WASHINGTON (Reuters) - JPMorgan Chase & Co said it has racked up $1.5 billion of losses so far this quarter on mortgage-linked assets, reflecting deepening turmoil in credit markets.
Shares of the third-largest U.S. bank by assets fell 9.5 percent, as investors grew increasingly disappointed with a bank that had largely sidestepped the worst of the credit crunch, and analysts cut their profit estimates.
Chief Executive Jamie Dimon has kept JPMorgan profitable even as rivals such as Citigroup Inc and Merrill Lynch & Co posted a series of multi-billion dollar quarterly losses.
“If you’re a huge global trading house, it’s very hard to hide from the devastation,” said Steve Persky, chief executive at Dalton Investments in Los Angeles.
JPMorgan’s shares fell as the broader financial sector dropped. Lehman Brothers fell 12 percent to $16.21, while Bank of America Corp, Citigroup, and Goldman Sachs all fell more than 6 percent.
JPMorgan revealed the losses in a regulatory filing late Monday. The bank said trading conditions have “substantially deteriorated” in the third quarter, and mortgage-backed securities and loans have weakened.
The New York-based bank also has substantial exposure to credit cards and other consumer debt that looks increasingly vulnerable as the U.S. economy grows slowly.
The Financial Times said JPMorgan was under pressure to write down mortgage assets, in part because of Merrill’s decision to sell $30.6 billion of repackaged debt to a private equity fund at 22 cents on the dollar.
As of June 30, JPMorgan held $19.5 billion of prime and Alt-A mortgage exposure, $1.9 billion of subprime mortgage exposure, and $11.6 billion of commercial mortgage-backed securities (CMBS) exposure, the filing showed.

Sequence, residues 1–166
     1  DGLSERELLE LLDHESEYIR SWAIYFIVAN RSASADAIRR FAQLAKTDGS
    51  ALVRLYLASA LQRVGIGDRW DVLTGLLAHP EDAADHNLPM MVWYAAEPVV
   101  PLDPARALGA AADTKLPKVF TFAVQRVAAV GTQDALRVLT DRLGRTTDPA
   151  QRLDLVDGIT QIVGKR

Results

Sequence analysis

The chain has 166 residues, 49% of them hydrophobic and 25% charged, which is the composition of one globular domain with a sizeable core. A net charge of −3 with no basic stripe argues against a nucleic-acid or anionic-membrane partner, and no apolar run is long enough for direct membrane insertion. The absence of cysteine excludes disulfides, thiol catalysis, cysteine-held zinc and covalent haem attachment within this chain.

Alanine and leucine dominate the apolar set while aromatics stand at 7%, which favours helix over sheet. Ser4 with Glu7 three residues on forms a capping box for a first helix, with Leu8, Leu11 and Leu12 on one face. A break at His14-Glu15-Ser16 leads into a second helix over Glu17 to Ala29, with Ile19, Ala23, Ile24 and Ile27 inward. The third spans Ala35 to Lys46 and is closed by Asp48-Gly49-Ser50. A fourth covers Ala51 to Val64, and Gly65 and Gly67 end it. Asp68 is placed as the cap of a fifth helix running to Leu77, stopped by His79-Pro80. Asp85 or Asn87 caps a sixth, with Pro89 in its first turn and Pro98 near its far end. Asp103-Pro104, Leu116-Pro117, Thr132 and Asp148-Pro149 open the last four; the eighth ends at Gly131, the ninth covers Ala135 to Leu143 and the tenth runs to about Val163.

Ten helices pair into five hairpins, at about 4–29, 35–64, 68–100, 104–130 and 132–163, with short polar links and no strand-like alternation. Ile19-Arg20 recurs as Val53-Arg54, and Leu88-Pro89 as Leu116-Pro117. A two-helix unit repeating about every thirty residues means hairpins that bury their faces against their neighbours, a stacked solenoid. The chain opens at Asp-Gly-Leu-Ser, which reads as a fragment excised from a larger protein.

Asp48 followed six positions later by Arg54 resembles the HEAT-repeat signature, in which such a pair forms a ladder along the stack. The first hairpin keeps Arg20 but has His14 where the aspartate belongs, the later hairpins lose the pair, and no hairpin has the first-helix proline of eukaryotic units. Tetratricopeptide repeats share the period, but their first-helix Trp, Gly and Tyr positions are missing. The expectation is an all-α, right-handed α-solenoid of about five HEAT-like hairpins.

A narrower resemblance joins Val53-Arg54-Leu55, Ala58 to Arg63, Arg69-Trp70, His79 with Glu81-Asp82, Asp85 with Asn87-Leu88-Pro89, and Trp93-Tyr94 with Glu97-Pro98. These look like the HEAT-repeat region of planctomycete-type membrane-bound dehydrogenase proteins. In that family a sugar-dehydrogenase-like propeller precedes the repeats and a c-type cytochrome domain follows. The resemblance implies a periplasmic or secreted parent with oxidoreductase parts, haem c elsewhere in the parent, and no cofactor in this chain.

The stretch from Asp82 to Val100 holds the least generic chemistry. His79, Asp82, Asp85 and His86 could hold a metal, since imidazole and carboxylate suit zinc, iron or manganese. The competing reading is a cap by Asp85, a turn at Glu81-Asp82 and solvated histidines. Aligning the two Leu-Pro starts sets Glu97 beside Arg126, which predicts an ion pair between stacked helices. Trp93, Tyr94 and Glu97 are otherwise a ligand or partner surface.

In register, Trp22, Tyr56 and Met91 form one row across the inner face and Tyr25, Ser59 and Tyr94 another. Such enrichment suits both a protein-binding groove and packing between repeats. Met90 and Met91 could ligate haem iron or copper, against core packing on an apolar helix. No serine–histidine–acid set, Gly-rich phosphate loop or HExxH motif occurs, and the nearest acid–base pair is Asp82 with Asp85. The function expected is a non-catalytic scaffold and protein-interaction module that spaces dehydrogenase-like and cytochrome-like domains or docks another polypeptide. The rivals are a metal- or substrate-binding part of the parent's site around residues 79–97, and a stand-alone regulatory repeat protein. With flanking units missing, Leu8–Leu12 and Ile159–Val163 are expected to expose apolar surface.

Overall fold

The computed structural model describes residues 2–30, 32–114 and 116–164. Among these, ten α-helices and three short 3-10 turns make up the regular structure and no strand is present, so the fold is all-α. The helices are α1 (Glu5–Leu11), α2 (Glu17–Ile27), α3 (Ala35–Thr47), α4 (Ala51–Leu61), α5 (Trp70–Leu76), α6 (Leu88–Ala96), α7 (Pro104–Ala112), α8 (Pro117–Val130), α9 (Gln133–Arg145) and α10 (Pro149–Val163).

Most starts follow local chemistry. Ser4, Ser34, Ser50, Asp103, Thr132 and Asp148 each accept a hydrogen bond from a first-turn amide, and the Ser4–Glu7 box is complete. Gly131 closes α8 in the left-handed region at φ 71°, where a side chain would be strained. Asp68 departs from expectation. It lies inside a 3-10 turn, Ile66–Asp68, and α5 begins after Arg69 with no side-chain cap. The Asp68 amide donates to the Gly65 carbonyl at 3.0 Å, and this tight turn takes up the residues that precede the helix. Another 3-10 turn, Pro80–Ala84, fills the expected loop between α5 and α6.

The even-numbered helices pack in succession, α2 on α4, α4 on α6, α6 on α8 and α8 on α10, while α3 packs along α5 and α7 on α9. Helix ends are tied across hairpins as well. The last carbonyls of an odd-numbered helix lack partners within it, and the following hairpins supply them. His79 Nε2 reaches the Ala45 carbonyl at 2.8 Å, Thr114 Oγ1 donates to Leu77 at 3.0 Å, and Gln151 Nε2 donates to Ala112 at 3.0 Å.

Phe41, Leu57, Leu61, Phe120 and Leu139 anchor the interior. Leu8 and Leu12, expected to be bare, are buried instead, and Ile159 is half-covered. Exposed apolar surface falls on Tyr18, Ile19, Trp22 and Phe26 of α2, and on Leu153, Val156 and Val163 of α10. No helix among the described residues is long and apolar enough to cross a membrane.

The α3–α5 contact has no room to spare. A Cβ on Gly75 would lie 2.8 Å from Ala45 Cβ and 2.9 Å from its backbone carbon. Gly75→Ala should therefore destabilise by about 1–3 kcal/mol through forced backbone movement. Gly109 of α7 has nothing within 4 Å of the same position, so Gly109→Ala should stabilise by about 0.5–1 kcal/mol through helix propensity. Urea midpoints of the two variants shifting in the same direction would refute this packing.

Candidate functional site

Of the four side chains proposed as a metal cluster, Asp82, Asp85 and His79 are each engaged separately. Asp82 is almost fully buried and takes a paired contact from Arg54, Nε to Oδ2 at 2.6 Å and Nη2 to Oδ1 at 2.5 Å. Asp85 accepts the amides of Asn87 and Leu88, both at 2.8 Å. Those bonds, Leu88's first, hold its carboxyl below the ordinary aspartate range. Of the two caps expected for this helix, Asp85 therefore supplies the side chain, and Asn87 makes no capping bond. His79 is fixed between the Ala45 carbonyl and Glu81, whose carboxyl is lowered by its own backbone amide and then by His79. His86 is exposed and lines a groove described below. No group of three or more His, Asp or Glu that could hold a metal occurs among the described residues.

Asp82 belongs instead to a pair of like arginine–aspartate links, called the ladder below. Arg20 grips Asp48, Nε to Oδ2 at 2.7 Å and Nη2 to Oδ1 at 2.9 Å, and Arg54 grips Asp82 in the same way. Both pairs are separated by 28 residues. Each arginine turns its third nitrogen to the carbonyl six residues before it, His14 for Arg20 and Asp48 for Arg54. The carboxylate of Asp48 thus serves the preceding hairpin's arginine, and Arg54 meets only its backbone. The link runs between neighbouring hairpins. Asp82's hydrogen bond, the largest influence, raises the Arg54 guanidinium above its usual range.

“These mortgage exposures could be adversely affected by worsening market conditions, further deterioration in the housing market and market activity reflecting distressed sellers,” JPMorgan said. Loss estimates exclude hedging, it said.
Trading results could also be hit if the bank’s own debt became more valuable. That could theoretically make it more expensive to buy back its own debt, resulting in an accounting charge.
Analyst Richard Bove at Ladenburg Thalmann argued that JPMorgan’s difficulties raised questions about the reason for the bank’s current mix of businesses.
JPMorgan, formed through a series of acquisitions over the last decade, was supposed to have consumer banking and capital markets businesses that complemented each other: when one was doing poorly, the other was supposed to be doing well.
“Unfortunately, the first time this concept was tested, it did not work. Both (businesses) seem to be declining in tandem with each other,” Bove wrote in a note to clients. Bove cut his estimates for the bank’s earnings for 2008 through 2010.
The bank did return calls seeking comment.
JPMorgan shares fell $3.97, or 9.5 percent, to $37.92 on the New York Stock Exchange.
Last month, JPMorgan posted a smaller-than-expected 53 percent decline in quarterly earnings on resilient stock and bond underwriting revenue but cautioned that the mortgage market and the economy were getting worse.
In the filing, JPMorgan said that it expected continued credit deterioration in its consumer portfolio, requiring more reserves for losses, during the rest of 2008.
It also said home equity charge-offs could keep rising this year, while prime and subprime mortgage net charge-offs would likely rise “significantly.” It said further mortgage deterioration was likely into 2009.
JPMorgan held $16.3 billion of unplaced loans funding buyouts and unfunded commitments for loans as of June 30, the filing said.
“Leveraged loans and unfunded commitments are difficult to hedge effectively, and if market conditions further deteriorate, additional markdowns may be necessary,” it said.
Lehman Brothers Inc analysts on Tuesday cut their 2008 profit forecast for JPMorgan to $2.30 a share from $2.60, but kept an “overweight” rating and $50 share price target.
Reporting by Dan Wilchins in Washington; additional reporting by Tenzin Pema in Bangalore; Editing by Gerald E. McCormick and Mike Miller, Leslie Gevirtz